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Paul Darke Award: Dawnhounds

This entry is part 2 of 5 in the series 2020 CripLit Keys
The 2020 CripLit Keys presentation video and podcast is here and on all good podcasting platforms. This post is about the Paul Darke Award itself.

Disability Studies is a relatively new field, really only 30 years old and omitted altogether by many universities. In the 1990s, researchers and activists began discussing the prevalence of stories with disabled people where the disabled character ended by either being killed, moving away geographically or being assimilated due to their own personal efforts and not due to society providing disability access. In Tom Shakespeare’s 1999 book, Paul Darke named this the “normality drama” genre.

It is my pleasure to award Dawnhounds by Sascha Stronach the Paul Darke Award for writing numerous disabled characters but especially a character who acquires a disability during the book, who resists being sidelined and written out of the story, and who continues as a character with agency. Congratulations Sascha!

Paul Darke Award for Dawnhounds

My choice of winner

Throughout 2019 I read numerous books featuring disability, and many of them were good representations. (2019 rocked!) However, I didn’t hear about Dawnhounds until 2020 although it was published in 2019. (Thanks Octavia Cade!) I enjoyed Dawnhounds for, no doubt, the same reasons  it won the Sir Julius Vogel Award: creative worldbuilding and, embedded within a great story, its discussion of social issues. And the gothic houses-eating-people didn’t hurt.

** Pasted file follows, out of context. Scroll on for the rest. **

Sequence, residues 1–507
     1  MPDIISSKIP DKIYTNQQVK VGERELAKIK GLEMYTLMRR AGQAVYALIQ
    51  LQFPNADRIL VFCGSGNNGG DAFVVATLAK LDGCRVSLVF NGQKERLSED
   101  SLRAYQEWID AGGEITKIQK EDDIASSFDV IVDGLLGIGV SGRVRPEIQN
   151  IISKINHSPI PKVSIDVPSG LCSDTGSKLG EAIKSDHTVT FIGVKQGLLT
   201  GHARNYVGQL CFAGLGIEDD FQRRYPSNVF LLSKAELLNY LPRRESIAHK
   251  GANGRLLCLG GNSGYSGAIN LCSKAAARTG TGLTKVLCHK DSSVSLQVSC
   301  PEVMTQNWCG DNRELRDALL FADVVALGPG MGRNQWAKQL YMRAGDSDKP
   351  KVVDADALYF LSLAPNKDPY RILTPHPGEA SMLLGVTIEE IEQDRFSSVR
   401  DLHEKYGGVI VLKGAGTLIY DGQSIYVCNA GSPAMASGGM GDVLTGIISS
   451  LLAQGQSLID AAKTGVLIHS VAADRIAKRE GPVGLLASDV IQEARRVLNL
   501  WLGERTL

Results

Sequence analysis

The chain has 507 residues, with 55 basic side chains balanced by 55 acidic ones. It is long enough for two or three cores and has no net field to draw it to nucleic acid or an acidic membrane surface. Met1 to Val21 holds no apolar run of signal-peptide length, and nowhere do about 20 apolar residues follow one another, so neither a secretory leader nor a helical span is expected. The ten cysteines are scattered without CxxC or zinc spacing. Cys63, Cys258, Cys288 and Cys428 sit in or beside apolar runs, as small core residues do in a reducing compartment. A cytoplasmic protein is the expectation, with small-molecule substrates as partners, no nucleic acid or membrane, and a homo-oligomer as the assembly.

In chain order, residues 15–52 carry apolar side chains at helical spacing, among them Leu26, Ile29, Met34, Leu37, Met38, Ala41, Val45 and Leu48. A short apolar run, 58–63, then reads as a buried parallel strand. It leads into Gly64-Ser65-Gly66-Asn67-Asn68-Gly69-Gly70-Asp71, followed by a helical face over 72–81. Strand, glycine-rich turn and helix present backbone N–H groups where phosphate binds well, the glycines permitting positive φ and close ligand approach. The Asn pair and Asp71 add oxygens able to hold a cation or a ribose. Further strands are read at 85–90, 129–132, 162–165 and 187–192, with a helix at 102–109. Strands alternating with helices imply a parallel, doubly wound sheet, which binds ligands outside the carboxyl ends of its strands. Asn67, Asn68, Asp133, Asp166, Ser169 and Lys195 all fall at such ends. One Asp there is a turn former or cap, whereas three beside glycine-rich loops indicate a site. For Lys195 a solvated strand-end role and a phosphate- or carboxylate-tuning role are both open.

However, none of those elements alone qualify for consideration for the CripLit Keys. I love how Stronach includes disability: many characters on the streets are disabled. But it’s the character who acquires a disability, who limps along – literally – while resisting others’ efforts to write him out of the story that won my heart.

About the Paul Darke Award itself

The frames, boss, the frames

First I purchased frames from Big W. They’re plain wooden frames in light wood tone or painted black, with a piece of craftwood (cheap almost-cardboard) allowing for a gap between the glass and the backing. I discarded the wide mat that would have reduced the visual real estate, removed the glass until assembly, discarded the shiny paper displaying dimensions, and began by painting the backing and craftwood with black gesso.

I also roughly coated the frame with texture medium then, when that was dry, painted over that with black gesso. Two coats over everything.

The backing board I later “painted” with metallic beeswax “top left corner, bottom left corner, middle side” and the opposite with another color and mottled together with a third color. I did my best to make the frame an extension of the colors on the backing so, when I assembled the finished piece, it was crucial that the backing was inserted the correct way up into the frame.

The text